Minorities do not vote in isolation
The country virtually stands at the doorsteps of elections in three important States in the run-up to the general elections, and the slew of...
What, however, is disturbing, if not reprehensible, is the tendency to single out and commodify the minorities, more specifically the large Muslim vote chunk. This certainly is not the first time that a pick-and-choose of this kind is being made as if the societal equations would have remained static in a vibrant democracy across the decades, and that the tone and tenor of political discourse had also remained unchanged.
The trend became more marked only a year back at the time of electioneering in UP last year. A However, experience of the decades has been revealing enough to show that the Muslim voting pattern has neither been uniform nor stratified at any stage during the last many elections, be it region-wise or else.
Even if definitive contours of their voting behavior surfaced during the Nehru period, the first break came with the rise of regional groupings and the emergence of the phenomenon of anti-Congressism in mid-1960s. A Ten years on there came a more perceptible shift in the electoral mood, in general, including that of the minorities during the Emergency.
Of course, the scenario went on changing with the advent of VP Singh and the Mandal/Mandir syndrome and the experiment of united fronts at the Centre. It would, however, be useful for present-day pollsters to remind themselves of the fact that the voting pattern of the Muslims was radically different in the northern States from that in other parts, more notably in the South.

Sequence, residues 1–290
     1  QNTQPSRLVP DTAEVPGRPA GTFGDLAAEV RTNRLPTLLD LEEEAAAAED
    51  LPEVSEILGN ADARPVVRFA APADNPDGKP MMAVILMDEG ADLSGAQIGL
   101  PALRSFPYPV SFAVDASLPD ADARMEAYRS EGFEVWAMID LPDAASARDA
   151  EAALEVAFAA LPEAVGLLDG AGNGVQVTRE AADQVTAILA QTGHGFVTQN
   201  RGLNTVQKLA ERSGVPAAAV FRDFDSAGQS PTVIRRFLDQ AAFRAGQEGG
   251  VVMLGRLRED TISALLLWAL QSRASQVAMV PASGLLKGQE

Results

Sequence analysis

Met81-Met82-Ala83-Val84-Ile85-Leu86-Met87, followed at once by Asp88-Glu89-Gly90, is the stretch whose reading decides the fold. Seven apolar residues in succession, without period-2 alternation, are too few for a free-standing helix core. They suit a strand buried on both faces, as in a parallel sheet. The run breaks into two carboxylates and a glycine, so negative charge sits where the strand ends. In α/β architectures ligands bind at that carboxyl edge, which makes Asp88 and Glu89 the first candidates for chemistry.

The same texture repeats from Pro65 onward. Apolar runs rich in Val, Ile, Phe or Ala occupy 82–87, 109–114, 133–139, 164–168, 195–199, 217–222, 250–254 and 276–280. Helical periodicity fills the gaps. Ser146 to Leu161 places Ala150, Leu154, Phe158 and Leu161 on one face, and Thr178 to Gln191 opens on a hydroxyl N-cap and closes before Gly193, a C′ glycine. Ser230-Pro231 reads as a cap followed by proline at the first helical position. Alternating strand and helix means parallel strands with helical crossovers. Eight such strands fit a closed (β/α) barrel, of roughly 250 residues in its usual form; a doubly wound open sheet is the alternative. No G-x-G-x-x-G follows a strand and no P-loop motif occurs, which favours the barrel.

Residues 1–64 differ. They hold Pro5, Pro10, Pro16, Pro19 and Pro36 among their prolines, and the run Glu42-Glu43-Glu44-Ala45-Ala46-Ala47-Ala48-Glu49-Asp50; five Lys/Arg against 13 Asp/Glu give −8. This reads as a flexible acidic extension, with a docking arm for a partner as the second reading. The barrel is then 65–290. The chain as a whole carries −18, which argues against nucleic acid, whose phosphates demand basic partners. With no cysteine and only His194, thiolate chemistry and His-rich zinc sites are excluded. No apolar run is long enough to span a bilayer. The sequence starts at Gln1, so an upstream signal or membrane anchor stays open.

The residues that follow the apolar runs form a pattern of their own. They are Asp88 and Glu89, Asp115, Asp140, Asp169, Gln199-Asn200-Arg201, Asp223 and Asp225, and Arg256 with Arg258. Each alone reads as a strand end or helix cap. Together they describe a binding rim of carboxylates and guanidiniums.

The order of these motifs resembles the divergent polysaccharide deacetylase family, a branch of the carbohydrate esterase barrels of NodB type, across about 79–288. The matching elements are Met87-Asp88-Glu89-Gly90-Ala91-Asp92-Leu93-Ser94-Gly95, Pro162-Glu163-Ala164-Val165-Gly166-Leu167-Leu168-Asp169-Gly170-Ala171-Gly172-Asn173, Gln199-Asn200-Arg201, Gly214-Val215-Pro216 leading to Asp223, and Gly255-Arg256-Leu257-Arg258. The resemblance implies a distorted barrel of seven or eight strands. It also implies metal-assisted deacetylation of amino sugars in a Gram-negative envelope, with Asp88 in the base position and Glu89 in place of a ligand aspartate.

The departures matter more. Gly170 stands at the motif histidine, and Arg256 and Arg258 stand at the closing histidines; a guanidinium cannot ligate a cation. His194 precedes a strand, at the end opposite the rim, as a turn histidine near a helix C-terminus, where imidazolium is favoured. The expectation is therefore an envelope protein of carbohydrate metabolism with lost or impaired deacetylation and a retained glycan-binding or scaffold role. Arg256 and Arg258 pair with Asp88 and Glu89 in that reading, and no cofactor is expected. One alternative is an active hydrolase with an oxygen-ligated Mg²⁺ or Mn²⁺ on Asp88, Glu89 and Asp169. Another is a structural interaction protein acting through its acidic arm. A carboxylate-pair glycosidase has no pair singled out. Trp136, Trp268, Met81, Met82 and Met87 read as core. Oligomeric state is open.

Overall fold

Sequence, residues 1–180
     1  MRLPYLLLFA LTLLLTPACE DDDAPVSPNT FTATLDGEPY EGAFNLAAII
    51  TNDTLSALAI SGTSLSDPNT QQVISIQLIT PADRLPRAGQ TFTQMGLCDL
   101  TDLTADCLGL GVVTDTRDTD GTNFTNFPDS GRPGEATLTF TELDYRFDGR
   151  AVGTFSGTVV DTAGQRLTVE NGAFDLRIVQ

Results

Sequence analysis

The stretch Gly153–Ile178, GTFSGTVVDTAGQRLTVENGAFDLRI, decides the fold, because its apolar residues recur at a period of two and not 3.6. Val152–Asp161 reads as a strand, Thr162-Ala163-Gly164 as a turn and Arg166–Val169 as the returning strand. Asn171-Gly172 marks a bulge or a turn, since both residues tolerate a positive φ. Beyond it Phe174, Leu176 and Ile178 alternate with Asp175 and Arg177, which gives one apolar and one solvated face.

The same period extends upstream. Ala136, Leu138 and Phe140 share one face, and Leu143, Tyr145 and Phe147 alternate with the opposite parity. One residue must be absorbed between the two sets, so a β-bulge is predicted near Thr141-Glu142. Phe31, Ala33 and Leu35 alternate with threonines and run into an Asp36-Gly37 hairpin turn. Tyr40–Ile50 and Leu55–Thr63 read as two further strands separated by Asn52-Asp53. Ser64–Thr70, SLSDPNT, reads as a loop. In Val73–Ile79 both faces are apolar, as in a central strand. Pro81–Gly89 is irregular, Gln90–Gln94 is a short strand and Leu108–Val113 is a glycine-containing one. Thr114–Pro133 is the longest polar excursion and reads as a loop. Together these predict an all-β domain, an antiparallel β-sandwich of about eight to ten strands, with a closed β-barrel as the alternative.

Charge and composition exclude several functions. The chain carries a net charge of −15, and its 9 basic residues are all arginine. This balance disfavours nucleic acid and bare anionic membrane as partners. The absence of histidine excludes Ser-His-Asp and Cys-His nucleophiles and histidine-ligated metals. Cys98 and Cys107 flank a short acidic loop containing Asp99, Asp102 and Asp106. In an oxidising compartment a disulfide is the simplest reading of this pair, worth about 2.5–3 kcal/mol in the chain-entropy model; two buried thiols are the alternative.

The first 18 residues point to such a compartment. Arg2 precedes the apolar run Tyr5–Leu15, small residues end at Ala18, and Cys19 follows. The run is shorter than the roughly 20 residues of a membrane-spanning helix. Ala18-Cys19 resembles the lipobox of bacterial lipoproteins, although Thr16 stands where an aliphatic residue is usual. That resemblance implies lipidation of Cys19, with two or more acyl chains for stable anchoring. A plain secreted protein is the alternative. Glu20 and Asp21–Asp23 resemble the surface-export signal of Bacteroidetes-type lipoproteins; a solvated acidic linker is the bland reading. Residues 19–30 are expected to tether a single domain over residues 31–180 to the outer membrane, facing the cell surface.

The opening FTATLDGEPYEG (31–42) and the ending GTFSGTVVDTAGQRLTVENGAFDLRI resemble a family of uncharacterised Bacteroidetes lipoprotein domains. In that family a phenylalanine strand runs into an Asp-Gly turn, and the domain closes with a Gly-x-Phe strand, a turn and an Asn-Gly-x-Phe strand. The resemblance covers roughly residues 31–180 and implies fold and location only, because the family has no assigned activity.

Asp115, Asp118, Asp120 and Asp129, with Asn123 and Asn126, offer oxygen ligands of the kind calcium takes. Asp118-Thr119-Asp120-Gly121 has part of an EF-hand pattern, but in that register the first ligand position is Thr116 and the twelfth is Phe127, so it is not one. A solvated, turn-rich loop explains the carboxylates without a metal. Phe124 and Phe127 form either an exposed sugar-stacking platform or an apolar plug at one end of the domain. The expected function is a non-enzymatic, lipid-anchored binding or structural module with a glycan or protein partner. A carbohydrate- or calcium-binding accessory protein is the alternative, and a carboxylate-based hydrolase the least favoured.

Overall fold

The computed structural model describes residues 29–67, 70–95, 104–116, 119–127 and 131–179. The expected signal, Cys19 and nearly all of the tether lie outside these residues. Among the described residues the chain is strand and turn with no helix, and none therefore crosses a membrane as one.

Time did not indeed come to a standstill in a moving world of democracy at any juncture: the rise and fall of the Yadavs in the 1990s wrought further changes: and in the North as in the South the supremacy of regional satraps became an established reality. A Evidently Muslims have been equal partners with other mainstream groups in this process of transformation throughout.
In fact, the present debate got off to a start with Bihar chief minister Nitish Kumar's peroration at the JDU convention raising a dissonant note against its senior ally of the NDA-the BJP�over his party's stand on secularism. A How a particular community would vote in Bihar is yet too early to speculate and, as such, is not of national relevance at this stage.
Any blanket assessment on pure supposition would be unwarranted and be as facile as discussing the shape of the Third Front post-2014. A It is generally argued that Muslims constituting 14 per cent of the electorate vote tactically, but who decides the tactics for them is not very clear. Indeed, there are certain groups claiming credit for doing so after each election, but how authentic their own credentials are remains an open question.
However good-intentioned these groups may be, they invariably comprise a particular brand of intellectuals and ex-bureaucrats trying their hands in political matters. A The good part of it is that Muslims do not at all act in isolation; nor are they influenced by the laboratory approach of those sitting in ivory towers, and are hardly swayed by the preferences of the clerics.
Thus it is time to get rid of certain basic fallacies, and get real. A First, the Muslims are not a class apart from others and are frankly as amenable to influences as others are; they are as much part of the political mainstream as other sections are.
Yet, undeniably, they have their own social and political concerns to take care of while making electoral choices and vote accordingly. They are an important component of the overall national fabric� call it the mainstream or whatever you wish.